ECB may need big rates hikes beyond March, steeper QT from July, Nagel says

FILE PHOTO: Joachim Nagel, President of Germany’s federal reserve Bundesbank is seen during a media tour at the Bundesbank headquarters in Frankfurt September 16, 2022. REUTERS/Heiko Becker

FRANKFURT (Reuters) – The European Central Bank may need significant rate hikes beyond March and should accelerate the rundown of its oversized bond portfolio to fight stubbornly high inflation, Bundesbank President Joachim Nagel said on Wednesday.

The ECB has raised rates by 300 basis points since July and promised another oversized move in March, but some policymakers have called for more measured action after March as inflation is now off the highs it hit in October.

Nagel pushed back on those calls, saying that recent energy price falls may help inflation in the near term, but they do not impact the medium term and price growth was at risk of getting stuck above the ECB’s 2% target.

“The interest rate step announced for March will not be the last,” Nagel said in a speech. “Further significant interest rate steps might even be necessary afterwards, too.”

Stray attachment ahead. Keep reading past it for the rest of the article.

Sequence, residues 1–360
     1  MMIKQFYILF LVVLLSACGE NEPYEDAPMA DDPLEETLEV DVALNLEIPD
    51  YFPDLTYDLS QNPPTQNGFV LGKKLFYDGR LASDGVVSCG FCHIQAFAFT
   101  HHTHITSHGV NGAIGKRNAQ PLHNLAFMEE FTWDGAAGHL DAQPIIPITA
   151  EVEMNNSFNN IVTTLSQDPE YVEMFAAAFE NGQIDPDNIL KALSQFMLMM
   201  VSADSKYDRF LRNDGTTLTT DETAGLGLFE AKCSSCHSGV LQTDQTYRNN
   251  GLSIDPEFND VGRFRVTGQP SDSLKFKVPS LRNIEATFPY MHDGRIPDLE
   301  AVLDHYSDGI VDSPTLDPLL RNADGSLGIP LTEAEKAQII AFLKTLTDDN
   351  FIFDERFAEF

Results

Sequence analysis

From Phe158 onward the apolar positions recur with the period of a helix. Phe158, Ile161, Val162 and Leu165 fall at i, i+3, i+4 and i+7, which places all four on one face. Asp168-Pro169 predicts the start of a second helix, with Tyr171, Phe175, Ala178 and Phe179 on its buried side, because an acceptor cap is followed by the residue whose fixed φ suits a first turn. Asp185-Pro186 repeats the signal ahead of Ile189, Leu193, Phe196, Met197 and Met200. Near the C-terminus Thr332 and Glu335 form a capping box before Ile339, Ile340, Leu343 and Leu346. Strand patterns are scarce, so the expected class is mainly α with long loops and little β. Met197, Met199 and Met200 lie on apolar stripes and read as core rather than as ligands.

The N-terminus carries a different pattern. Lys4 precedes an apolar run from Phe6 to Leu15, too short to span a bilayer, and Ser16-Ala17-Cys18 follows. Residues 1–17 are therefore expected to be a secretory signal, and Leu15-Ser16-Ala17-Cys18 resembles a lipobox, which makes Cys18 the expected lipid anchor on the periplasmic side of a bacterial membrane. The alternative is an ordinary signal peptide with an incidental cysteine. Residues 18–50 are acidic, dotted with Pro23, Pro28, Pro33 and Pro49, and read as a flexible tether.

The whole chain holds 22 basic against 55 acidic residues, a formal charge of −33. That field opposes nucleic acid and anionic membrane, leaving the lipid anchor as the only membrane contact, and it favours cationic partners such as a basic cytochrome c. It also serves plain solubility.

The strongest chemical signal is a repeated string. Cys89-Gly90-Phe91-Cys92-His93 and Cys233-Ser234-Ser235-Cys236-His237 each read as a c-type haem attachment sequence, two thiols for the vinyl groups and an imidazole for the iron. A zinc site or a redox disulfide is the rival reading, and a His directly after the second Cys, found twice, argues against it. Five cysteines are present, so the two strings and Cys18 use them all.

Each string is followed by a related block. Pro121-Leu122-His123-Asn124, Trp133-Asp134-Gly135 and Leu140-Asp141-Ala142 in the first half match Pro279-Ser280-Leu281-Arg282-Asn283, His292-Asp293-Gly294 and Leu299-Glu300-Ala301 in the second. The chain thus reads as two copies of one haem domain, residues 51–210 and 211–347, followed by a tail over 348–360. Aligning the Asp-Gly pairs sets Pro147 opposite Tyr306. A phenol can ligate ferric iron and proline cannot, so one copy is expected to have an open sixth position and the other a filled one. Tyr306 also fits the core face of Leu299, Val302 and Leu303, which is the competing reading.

Markets currently expect the 2.5% deposit rate to peak at around 4% near the turn of the year, suggesting another 100 basis points of hikes after March.

Once rates peak, they must stay high until the ECB is confident that inflation will return to 2%, Nagel said.

“This also has to be reflected in underlying inflation. Until that is the case, interest rate cuts are a non-starter,” Nagel said.

The ECB, which started reducing its 3.3 trillion euro Asset Purchase Programme on Wednesday, should accelerate the reduction of its balance sheet from July, he added.

The bank is now reducing the scheme by 15 billion euros a month by not reinvesting all the proceeds from maturing debt, but Nagel said that it will simply take too long to make a significant dent in the size of the scheme at this pace.

“I am therefore in favour of taking a steeper path of reduction starting in July in light of experience gained up to that point,” Nagel said.

Inflation in Germany could still average between 6% and 7% in 2023 and both headline and underlying inflation could stay “well above” the ECB’s 2% target in both 2024 and 2025, Nagel added.

While inflation is high, growth is showing few signs of making a turnaround.

Germany, the biggest economy in the 20-nation euro zone, could record a full-year contraction, though this could be smaller than the 0.5% drop seen in December.

“Although there could be a gradual pick-up in the second quarter, there is still no sign of any major improvement for now,” Nagel said. “Our experts are not expecting there to be a visible economic recovery until the second half of the year.”


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